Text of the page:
In this session, we will consider how organizations, including healthcare systems and public health institutions, promote the health and well-being of entire patient populations by addressing problems that impact large numbers of people. We will readdress topics that were introduced in week 1, including thinking broadly about what constitutes “health” and how we can address some of the social determinants of health. In order to do this, we need to define “population health” and understand what is meant by this term.
In addition, this session focuses on the “Triple Aim.” The Triple Aim involves three goals that are critical to improving the health of populations, whether here in the United States or elsewhere:
- Improving the individual experience of care.
- Reducing the per capita costs of care for populations.
- Improving the health of populations.
- READ this article to learn more about population health and its terminology: Understanding Population Health Terminology, by David A. Kindig
- This reading is intended to help students gain further detail on population health terminology and distinctions between population medicine at the clinic level and public health focused on larger populations.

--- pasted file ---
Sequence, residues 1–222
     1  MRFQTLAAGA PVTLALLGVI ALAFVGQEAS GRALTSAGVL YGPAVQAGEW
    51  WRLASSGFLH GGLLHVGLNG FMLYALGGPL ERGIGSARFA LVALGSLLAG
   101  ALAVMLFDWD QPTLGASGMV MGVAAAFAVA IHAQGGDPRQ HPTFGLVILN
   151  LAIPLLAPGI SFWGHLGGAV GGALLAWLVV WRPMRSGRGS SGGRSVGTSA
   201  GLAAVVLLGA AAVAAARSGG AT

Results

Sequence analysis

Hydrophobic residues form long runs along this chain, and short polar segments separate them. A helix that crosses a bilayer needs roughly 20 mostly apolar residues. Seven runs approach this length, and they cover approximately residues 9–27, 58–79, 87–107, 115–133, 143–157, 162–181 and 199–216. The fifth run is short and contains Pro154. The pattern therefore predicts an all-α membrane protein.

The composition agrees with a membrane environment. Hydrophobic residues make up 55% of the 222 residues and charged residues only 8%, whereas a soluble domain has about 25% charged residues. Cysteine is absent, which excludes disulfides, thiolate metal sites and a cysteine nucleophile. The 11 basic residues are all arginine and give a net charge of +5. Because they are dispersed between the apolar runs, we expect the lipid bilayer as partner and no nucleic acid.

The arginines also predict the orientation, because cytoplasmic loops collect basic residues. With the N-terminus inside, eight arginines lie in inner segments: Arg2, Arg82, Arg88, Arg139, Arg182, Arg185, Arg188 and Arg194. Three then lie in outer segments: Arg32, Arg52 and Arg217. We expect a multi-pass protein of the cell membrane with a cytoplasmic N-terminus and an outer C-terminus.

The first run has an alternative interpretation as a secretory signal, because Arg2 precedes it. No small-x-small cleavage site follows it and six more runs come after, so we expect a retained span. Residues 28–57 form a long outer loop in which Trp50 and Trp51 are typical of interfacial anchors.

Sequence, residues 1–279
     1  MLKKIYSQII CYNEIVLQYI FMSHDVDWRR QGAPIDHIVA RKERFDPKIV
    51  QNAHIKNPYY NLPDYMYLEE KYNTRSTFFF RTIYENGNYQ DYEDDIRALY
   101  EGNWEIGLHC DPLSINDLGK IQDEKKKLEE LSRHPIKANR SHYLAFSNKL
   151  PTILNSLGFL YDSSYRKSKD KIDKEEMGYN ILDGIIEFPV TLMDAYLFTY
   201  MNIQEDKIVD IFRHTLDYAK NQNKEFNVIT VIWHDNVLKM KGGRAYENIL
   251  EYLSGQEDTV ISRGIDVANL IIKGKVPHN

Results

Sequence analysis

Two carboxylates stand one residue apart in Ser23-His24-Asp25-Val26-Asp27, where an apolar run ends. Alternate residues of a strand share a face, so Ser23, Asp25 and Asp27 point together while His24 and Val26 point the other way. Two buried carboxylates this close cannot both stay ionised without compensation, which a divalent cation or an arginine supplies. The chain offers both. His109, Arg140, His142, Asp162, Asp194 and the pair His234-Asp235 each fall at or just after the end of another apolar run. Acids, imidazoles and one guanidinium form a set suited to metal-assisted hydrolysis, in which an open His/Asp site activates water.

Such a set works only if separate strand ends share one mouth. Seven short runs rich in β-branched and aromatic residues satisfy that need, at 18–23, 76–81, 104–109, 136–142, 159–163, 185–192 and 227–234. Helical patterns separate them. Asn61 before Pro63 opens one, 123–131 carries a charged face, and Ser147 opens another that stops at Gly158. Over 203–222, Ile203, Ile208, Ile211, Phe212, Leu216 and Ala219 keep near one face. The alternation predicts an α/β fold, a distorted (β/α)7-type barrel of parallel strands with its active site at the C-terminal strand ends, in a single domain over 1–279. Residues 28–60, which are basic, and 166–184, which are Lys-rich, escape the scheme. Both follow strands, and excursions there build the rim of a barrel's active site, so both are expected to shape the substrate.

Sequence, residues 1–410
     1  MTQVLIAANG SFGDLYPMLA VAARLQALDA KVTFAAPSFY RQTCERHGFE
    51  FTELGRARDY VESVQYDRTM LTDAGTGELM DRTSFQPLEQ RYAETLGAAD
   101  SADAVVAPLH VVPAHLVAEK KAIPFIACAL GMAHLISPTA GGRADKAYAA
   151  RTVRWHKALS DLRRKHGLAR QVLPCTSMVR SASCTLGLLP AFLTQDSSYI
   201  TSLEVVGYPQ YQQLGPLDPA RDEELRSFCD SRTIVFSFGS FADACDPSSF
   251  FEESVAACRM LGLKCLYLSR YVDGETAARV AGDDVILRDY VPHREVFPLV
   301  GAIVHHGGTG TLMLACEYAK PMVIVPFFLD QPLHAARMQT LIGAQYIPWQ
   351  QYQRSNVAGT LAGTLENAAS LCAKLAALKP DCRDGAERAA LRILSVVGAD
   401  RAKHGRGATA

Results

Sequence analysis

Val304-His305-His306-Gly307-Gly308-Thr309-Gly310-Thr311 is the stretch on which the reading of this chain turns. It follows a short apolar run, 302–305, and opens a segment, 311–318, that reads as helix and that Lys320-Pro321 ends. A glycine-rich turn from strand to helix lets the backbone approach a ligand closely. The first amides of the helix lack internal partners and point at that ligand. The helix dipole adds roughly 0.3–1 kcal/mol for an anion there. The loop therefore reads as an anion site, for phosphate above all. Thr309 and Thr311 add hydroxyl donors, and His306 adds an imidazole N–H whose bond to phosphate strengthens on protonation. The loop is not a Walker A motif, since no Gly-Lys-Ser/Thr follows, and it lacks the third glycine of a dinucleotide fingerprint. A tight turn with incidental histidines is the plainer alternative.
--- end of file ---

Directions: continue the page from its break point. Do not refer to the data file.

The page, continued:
- Watch this video
Key Take Home Points:
- Remember the World Health Organization definition of health we learned in Week 1: Health is a state of complete physical, mental and social well-being and not merely the absence of disease or infirmity.
- Remember the definition of public health from Week 1: Public health is the science and the art of preventing disease, prolonging life, and organized community efforts to prevent, identify, preempt, and counter threats to the public’s health.
- Population health aims to address health disparities and improve health outcomes for the entire population of a specific geographic area.
- Population medicine aims to address health disparities and improve health outcomes for the population served by a given care provider (clinic, hospital, etc.).
- Both public and population health efforts rely on data that may often be limited; physicians can help improve public health data by reporting patient outcomes as required by law.
- All physicians can contribute in some way to health improvements at the population level by supporting public and population health programs